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Health & Fitness

Law gap exposes Kenyans to second-hand smoke risks

A designated smoking zone in Nairobi.
A designated smoking zone in Nairobi. According to the law a designated smoking area should be a room which is separate, enclosed and sealed from the floor to the roof, with a door. FILE PHOTO | NMG 

Many people are aware of the adverse health effects such as cancer, cardiovascular disease, diabetes and chronic respiratory problems associated with smoking.

These negative consequences have discouraged many Kenyans from consuming tobacco products.

"But the journey towards prevention of health risks linked to tobacco doesn’t stop there,” says Dr Salim Hassanali, a chest and lung specialist at Aga Khan University Hospital (AKUH).

He notes: "Even if you're not a smoker, you can still succumb to its effects by continuously inhaling second-hand smoke from those smoking near you."

Ms Emma Wanyonyi, CEO of the International Institute of Legislative Affairs (ILA) observes that a lot has been done to protect innocent Kenyans from tobacco harms, but says challenges still exist.

For instance, the Tobacco Control Act prohibits smoking in public institutions and offices as well as in many venues frequented by members of the public such as restaurants, hospitals and recreational facilities.

Ms Wanyonyi notes that this has helped to reduce the number of people smoking wherever they feel like, without caring about the health of those around them.

"Kenyans have also become more aware of their rights and will be quick to reprimand anyone smoking in a public space such as inside a matatu. Before the tobacco control laws were passed, you couldn't do anything to such people."

She, however, notes that the same Act creates an exception to the above rule by allowing people to smoke in public areas, so long as they do so in designated smoking zones.

This has provided a ‘loophole’ for building owners who in a bid to attract all types of customers (both smokers and non-smokers) usually reserve a 'corner' or open space within their premises to be used as a smoking zone.

Yet, smoke coming from those areas still reaches people seated nearby hence affecting their health.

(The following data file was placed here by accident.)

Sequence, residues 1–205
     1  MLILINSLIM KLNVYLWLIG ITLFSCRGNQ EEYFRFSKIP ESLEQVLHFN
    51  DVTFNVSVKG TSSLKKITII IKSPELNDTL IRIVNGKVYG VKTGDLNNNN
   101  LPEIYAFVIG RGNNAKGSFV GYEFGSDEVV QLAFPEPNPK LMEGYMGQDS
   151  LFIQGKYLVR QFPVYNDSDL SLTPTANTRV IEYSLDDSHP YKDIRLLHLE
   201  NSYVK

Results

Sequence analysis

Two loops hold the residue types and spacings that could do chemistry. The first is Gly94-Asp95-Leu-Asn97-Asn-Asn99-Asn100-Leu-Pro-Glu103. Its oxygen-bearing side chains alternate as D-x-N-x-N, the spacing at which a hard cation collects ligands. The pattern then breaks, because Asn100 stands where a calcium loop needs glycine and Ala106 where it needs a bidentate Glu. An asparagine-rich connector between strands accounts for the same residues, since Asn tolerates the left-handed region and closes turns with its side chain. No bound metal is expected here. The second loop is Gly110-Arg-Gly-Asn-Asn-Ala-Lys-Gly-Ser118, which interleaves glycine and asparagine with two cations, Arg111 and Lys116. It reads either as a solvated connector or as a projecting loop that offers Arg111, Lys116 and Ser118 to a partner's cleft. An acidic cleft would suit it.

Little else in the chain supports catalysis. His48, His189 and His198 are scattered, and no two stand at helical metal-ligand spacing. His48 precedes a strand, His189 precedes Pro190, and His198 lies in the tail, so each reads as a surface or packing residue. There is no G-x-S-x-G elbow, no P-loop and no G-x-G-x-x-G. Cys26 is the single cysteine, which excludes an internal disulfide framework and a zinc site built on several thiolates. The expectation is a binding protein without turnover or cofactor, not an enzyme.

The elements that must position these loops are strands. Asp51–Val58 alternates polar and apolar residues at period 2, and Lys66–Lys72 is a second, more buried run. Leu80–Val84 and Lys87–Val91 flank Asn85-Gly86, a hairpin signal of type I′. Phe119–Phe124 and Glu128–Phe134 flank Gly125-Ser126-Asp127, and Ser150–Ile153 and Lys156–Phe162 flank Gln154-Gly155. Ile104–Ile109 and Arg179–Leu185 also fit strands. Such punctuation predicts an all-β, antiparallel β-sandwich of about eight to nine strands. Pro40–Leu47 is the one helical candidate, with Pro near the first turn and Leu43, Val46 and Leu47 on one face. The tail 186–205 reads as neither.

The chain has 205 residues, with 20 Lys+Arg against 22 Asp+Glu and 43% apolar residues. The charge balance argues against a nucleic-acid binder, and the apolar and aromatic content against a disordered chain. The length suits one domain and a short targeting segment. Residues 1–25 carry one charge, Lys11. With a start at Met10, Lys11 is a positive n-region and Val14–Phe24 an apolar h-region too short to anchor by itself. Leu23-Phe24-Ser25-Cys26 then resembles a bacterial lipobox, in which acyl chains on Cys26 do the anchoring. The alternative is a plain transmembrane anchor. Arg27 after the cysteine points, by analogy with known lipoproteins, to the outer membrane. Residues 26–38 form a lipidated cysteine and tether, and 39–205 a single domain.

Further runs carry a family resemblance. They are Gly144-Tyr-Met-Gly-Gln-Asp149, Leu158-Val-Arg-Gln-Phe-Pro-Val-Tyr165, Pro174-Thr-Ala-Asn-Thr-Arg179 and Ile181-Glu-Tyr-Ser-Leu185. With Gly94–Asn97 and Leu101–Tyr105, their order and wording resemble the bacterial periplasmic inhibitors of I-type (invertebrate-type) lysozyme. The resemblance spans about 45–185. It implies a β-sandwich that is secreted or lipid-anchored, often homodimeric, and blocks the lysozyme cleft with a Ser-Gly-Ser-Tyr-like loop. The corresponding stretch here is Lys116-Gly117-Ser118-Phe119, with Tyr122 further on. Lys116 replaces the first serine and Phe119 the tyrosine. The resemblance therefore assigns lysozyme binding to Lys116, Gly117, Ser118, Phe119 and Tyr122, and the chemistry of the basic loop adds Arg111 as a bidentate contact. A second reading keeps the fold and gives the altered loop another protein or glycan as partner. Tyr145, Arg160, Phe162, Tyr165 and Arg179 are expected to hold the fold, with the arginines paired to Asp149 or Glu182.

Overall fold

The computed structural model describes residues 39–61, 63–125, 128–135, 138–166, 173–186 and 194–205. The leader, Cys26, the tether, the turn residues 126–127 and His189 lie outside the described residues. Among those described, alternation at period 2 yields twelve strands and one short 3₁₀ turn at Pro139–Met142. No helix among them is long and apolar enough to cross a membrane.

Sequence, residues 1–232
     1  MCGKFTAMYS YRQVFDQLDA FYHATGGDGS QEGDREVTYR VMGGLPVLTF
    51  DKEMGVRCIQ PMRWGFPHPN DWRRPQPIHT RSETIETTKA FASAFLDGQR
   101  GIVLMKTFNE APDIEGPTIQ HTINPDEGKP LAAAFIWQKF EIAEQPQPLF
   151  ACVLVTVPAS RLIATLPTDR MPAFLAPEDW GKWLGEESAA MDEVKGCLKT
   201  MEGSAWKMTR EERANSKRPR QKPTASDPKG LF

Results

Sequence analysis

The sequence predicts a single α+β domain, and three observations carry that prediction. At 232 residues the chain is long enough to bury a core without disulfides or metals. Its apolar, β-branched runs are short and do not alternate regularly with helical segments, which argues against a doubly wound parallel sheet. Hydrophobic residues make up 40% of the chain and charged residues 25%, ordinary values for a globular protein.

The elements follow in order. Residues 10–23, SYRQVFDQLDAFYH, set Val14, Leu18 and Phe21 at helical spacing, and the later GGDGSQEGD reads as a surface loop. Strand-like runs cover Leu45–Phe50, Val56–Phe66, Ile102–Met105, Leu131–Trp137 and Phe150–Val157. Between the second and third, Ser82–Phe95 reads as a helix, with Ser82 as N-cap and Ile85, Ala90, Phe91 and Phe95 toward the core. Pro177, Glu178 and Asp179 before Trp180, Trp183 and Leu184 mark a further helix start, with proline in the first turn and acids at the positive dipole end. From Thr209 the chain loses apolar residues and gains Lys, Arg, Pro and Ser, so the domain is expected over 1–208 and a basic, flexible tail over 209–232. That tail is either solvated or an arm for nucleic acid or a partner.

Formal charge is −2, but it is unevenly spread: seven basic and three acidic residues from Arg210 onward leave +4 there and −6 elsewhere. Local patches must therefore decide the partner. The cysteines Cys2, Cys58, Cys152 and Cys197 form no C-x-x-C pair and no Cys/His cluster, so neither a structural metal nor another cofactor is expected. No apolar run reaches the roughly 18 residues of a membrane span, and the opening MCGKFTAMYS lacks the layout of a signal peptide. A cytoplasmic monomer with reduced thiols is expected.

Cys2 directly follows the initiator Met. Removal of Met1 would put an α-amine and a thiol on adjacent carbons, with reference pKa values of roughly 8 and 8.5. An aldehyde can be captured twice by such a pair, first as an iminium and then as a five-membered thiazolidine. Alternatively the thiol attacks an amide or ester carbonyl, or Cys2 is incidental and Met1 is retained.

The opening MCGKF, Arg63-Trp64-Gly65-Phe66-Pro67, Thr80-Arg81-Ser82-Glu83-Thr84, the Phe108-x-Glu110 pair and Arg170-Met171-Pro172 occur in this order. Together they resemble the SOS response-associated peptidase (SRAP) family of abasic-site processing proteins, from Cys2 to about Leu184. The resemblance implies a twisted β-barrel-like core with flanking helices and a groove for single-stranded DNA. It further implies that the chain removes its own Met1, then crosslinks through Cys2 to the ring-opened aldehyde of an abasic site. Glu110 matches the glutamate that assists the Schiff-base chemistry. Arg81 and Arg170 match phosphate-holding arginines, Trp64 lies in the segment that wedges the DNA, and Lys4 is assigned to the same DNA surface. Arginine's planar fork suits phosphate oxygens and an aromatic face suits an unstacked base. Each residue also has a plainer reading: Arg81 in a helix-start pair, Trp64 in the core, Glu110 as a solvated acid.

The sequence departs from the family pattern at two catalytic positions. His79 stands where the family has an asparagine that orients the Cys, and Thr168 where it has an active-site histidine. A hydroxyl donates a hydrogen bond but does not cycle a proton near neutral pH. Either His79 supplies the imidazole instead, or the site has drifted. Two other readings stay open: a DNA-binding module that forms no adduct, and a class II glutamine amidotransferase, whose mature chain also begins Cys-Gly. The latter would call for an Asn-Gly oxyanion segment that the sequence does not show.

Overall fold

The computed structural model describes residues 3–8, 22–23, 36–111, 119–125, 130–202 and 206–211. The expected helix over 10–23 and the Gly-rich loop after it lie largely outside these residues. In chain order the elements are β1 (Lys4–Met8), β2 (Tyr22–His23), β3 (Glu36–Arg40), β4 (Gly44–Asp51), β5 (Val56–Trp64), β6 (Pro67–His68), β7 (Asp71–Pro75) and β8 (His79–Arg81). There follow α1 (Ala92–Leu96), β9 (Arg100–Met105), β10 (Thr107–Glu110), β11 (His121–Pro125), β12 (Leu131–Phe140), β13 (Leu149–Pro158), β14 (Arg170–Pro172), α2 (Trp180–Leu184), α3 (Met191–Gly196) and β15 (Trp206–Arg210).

"Most Kenyans are accustomed to seeing such smoke-free zones in places like restaurants and some offices. Since its common, they may think that these people are doing the right thing when they're actually going against what the law says."

According to the stipulations of the Tobacco Control Act, a specially designated smoking area should be a room which is separate, enclosed and sealed from the floor to the roof, with a door.

Moreover, it should be ventilated in a manner which ensures that air from the area is directly exhausted to the outside without re-circulating or drifting to other areas of the public facility.

"The smoking zones in most places don't meet these standards. They thus continue to expose innocent Kenyans to second-hand smoke," notes Mr Joel Gitali, the chairperson of the Kenya Tobacco Control Alliance (KETCA).

He adds that the law should be enforced at all times to ensure that building owners adhere to the specified guidelines or risk facing heavy penalties for negligence.

In some regions, county governments have been investing heavily in smoking zones to bridge the access gap.

"We feel that this is a waste of tax payers’ money. We all know the negative effects of tobacco. So, the government can gain more by channelling its minimal resources to tobacco cessation initiatives that enable addicts to stop smoking," says Ms Wanyonyi.

"Let those organisations that allow smoking within their premises meet the costs for constructing the smoking zones. We don't see the government building bars for people to drink in. The same should apply to smoking areas," she adds.

The World Health Organisation Framework Convention on Tobacco Control (FCTC) advocates for 100 per cent smoke free public health regulations to effectively fight adverse effects linked to tobacco use.

Uganda's law embraces this principle and does not therefore allow for the construction of smoking zones in public spaces or institutions.

"The aim is to discourage smoking as much as possible due to its health hazards. And that's what we should be aiming at, as a country," says Ms Wanyonyi.

Even though regulations governing smoking in public places exist, she notes that regulating the act in private spaces such as people's homes is still difficult.

"Our concern here is for vulnerable groups such as children who could be inhaling second-hand smoke from smoking parents. They may not complain as they may be oblivious of the risks. And even if they knew, they can choose to keep quit for fear of annoying their parents who could then punish them."

Children are particularly at risk for the effects of second-hand smoke as their bodies are still growing and because they breathe at a faster rate than adults.

Conditions that have been linked to second-hand smoke in children include sudden infant death syndrome (SIDS), ear infections, chronic coughs, asthma attacks, bronchitis and pneumonia.

A recently published study in the Rheumatology Journal indicated that being exposed to second-hand smoke in childhood could increase the risk of someone developing arthritis as an adult.

This follows a similar study by the American Cancer Society scientists, which found that childhood exposure to second-hand smoke may increase risk of adult lung disease death.

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